AMES, Iowa – Per usual, Northern Illinois managed to make it interesting into the fourth quarter.
The script is a familiar one by now (Wisconsin last year, Central Michigan in 2008, the Independence Bowl against Louisiana Tech, etc.). The Huskies dig a huge hole, look inept at times and then look like world-beaters at various points of a frantic comeback.
The result for these types of games for the Huskies was a familiar one as well – a loss.
A good Mid-American Conference team went on the road and lost to an above-average Big 12 Conference team. That's hardly breaking news.
Be disappointed. The hype surrounding the Huskies in the preseason contrasted against NIU's first-half performance against Iowa State certainly warrants the feeling of a letdown. Be angry if you want. But surprise really shouldn't be one of your emotions. The team that executed better, was more consistent on both sides of the ball and made the least mistakes won Thursday. That's football.
"We played like it was the first game," NIU coach Jerry Kill said. "That's the bottom line. We played like it was the first game."
What Thursday's game revealed about NIU, though, is that there are concerns about the realistic goal of a MAC title. Legitimate ones.
The kicking and punting game for one. The offensive line for another. The list doesn't stop there (a full-strength Patrick George sorely was missed at corner), those are just the two most glaring problems after Week 1.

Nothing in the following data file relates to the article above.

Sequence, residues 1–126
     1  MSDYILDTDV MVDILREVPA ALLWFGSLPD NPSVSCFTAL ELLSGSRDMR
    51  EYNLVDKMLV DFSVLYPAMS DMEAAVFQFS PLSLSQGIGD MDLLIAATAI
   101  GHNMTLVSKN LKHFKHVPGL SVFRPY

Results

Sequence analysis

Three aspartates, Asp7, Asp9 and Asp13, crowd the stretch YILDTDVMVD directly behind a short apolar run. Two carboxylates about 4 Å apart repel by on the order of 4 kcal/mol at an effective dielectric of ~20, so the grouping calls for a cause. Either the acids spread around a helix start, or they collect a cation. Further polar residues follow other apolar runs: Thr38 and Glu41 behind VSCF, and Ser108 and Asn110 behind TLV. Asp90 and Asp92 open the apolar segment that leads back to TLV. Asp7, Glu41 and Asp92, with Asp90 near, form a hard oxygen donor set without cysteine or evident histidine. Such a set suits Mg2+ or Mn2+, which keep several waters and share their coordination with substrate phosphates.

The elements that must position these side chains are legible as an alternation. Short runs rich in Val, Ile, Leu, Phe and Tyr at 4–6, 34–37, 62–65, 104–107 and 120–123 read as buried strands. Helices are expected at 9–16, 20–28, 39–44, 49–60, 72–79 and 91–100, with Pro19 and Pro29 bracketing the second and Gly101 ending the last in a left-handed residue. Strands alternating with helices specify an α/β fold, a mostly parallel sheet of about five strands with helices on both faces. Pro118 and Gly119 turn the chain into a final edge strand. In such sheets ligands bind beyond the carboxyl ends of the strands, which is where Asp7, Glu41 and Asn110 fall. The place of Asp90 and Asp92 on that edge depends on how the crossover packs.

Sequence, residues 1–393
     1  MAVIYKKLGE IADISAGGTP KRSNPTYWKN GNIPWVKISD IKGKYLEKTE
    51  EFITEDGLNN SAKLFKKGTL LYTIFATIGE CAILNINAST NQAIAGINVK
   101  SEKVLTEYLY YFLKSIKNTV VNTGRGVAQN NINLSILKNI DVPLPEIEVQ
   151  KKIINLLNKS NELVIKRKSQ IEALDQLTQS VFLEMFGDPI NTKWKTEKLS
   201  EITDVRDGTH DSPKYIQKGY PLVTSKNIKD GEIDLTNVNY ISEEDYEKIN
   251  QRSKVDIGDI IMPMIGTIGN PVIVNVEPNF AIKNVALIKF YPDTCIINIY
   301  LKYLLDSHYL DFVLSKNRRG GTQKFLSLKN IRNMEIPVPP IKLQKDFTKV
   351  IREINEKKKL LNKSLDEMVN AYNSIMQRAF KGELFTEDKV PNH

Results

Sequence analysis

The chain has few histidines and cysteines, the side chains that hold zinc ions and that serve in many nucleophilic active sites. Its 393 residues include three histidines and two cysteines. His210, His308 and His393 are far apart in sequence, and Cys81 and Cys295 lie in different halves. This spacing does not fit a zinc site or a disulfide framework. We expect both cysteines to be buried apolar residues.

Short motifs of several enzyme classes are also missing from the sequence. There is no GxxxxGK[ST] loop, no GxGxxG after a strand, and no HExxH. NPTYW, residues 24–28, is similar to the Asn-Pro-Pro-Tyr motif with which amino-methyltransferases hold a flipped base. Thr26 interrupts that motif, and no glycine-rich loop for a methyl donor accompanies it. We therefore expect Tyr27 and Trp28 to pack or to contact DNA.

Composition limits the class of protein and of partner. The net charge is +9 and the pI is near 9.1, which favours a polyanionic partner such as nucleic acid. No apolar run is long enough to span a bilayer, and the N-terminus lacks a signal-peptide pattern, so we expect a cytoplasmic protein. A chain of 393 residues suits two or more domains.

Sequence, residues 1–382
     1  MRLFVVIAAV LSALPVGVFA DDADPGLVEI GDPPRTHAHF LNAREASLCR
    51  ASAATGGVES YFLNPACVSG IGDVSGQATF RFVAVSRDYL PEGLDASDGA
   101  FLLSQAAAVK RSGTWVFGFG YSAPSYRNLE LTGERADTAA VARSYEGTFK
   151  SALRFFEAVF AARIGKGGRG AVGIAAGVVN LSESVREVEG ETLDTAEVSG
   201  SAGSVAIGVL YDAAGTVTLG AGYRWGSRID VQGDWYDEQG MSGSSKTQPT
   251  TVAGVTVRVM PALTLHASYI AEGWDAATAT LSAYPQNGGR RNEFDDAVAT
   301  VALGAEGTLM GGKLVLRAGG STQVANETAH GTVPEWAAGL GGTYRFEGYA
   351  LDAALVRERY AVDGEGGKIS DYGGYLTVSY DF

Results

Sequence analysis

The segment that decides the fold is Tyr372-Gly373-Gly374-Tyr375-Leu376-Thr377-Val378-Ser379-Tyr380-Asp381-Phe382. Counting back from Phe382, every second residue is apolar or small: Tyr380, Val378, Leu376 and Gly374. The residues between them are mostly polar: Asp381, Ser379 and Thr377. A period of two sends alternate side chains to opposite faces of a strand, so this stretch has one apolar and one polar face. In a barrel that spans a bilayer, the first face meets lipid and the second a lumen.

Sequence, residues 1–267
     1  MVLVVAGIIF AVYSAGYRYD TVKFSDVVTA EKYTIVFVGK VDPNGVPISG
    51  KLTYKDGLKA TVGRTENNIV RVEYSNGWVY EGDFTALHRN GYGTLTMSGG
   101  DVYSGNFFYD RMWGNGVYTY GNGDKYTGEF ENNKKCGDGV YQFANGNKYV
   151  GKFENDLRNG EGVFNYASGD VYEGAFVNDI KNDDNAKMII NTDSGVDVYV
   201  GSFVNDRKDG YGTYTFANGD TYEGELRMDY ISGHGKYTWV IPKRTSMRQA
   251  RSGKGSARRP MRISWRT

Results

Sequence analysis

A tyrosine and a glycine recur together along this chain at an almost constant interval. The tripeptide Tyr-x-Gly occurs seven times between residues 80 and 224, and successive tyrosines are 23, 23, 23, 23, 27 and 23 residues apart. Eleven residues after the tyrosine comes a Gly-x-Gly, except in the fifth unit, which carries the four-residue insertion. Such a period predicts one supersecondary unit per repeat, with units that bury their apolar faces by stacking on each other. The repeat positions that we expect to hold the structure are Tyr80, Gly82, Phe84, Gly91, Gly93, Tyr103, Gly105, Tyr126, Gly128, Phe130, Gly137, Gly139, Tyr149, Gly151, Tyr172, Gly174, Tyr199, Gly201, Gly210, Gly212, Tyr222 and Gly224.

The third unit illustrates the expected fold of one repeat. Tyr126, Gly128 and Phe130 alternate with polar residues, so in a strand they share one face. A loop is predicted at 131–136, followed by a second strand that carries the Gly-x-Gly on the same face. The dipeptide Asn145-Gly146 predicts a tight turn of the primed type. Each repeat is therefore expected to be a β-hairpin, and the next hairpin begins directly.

"I'll have to look at that," Kill said of the team's kicking game. "The young freshman (Mathew Sims) came in and knocked a field goal down, got an extra point. Our big kid (Michael Cklamovski) kicked the ball off pretty good. He stroked the ball on field goals. It as just a little bit wide. But he hit it pretty good."
These are simple problems, which is the good and bad news for the Huskies.
Complicated adjustments won't make a ball go straight off a kicker's foot or make a lineman finish blocks. They know their problems, what you have to wonder is if an answer is available. The horde of freshmen offensive linemen aren't going to mature overnight. A reliable kicker isn't easy to find. Is he on the roster?
We'll spill enough ink in the coming days and weeks debating the decision to start DeMarcus Grady at quarterback. If the coaches felt he earned the job out of camp, then it's easy to see the logic behind the choice. Grady simply might just need time to grow into the starter's role.
If NIU doesn't fix the glaring problems from Thursday, though, the logic of putting NIU at the top of the MAC West starts to have some serious flaws.
• John Sahly is the sports editor of the Daily Chronicle. Write to him at email@example.com.